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ld combines a number of object and archive files, relocates
their data and ties up symbol references. Usually the last step in
compiling a program is to run
ld accepts Linker Command Language files written in
a superset of AT&T's Link Editor Command Language syntax,
to provide explicit and total control over the linking process.
This version of
ld uses the general purpose BFD libraries
to operate on object files. This allows
ld to read, combine, and
write object files in many different formats--for example, COFF or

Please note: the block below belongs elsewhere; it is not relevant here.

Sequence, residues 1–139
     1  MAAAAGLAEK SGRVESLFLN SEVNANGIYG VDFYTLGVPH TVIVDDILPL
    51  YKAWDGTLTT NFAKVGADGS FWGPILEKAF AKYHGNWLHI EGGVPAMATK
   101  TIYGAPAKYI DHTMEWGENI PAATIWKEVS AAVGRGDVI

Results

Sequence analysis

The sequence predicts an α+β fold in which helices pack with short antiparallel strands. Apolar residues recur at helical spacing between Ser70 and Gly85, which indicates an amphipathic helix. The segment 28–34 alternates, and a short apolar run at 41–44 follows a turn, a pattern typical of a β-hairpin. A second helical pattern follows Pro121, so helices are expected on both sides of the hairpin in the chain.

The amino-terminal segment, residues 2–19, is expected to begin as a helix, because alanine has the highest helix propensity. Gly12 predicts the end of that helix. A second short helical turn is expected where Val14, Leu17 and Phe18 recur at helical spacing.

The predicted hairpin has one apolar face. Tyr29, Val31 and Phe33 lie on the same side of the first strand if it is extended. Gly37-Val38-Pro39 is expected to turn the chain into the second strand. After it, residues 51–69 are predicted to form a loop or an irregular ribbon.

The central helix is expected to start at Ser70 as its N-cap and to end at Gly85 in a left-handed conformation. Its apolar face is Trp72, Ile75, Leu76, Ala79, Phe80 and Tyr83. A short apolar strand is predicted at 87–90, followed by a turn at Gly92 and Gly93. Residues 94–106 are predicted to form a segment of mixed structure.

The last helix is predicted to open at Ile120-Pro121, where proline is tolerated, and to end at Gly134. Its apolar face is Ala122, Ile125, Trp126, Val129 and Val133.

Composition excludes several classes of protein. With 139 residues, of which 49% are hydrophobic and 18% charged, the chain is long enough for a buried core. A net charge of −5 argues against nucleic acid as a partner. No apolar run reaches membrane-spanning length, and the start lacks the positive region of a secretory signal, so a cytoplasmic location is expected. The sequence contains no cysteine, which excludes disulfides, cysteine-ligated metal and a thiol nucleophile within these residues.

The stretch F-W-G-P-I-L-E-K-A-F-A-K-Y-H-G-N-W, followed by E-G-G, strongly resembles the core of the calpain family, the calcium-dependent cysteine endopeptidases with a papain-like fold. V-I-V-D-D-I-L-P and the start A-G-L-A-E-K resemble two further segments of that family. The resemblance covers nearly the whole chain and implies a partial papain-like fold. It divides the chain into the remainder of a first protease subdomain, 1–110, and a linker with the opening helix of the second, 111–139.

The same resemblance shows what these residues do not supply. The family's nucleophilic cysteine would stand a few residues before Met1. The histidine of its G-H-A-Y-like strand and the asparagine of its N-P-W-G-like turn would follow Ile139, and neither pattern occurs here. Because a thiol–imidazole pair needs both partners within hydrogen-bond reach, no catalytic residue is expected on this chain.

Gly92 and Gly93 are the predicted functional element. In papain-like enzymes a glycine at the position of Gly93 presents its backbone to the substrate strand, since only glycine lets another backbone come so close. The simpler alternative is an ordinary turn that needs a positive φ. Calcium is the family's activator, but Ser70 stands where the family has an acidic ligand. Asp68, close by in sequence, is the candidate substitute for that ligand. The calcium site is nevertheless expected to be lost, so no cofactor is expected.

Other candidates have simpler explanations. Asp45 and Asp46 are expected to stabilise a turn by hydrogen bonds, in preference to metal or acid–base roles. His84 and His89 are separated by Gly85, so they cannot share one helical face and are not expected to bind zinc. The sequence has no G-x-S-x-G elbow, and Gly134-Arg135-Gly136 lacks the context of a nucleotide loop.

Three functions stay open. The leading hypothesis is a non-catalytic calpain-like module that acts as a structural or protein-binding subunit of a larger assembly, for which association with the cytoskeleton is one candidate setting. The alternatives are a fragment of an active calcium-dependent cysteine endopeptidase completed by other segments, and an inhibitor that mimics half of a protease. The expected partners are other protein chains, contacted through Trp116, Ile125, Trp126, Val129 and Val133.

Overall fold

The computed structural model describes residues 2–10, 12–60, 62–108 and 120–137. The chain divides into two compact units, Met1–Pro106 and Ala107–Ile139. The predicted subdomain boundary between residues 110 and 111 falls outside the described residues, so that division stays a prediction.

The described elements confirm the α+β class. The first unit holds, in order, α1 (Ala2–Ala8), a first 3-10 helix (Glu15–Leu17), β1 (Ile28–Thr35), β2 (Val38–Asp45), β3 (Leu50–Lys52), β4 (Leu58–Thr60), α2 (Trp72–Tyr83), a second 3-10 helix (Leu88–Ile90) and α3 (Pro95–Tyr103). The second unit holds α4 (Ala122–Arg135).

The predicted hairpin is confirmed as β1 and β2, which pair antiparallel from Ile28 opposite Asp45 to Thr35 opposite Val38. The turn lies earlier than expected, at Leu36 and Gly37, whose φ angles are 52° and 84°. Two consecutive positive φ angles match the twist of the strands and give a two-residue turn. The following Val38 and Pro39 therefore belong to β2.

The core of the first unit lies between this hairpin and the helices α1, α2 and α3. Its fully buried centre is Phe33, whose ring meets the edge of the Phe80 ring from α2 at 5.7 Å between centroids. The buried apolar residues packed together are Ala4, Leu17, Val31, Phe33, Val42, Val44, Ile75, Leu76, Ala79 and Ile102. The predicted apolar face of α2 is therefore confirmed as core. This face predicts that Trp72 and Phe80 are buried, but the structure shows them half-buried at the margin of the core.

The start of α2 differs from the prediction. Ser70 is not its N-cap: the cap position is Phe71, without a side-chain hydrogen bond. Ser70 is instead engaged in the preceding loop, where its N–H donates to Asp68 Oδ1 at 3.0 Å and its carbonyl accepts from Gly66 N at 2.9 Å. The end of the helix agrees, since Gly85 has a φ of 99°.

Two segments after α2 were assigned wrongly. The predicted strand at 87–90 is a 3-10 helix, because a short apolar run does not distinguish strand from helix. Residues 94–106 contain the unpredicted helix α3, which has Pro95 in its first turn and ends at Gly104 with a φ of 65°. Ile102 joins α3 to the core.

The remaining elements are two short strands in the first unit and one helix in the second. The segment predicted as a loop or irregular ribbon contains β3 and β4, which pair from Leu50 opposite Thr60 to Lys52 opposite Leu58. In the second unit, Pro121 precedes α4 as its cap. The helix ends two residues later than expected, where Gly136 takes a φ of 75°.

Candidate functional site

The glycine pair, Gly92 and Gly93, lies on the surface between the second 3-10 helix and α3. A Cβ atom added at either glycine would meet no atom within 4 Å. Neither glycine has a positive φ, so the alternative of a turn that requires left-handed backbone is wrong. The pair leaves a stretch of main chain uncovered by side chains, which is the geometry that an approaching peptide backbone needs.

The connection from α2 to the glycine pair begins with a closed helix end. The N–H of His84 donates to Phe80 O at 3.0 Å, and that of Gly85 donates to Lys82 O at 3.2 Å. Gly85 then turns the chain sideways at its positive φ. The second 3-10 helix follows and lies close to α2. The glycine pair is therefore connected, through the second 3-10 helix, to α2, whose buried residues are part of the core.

a.out. Different formats may be linked together to produce any
available kind of object file. See section 5. BFD, for more information.
Aside from its flexibility, the GNU linker is more helpful than other
linkers in providing diagnostic information. Many linkers abandon
execution immediately upon encountering an error; whenever possible,
ld continues executing, allowing you to identify other errors
(or, in some cases, to get an output file in spite of the error).
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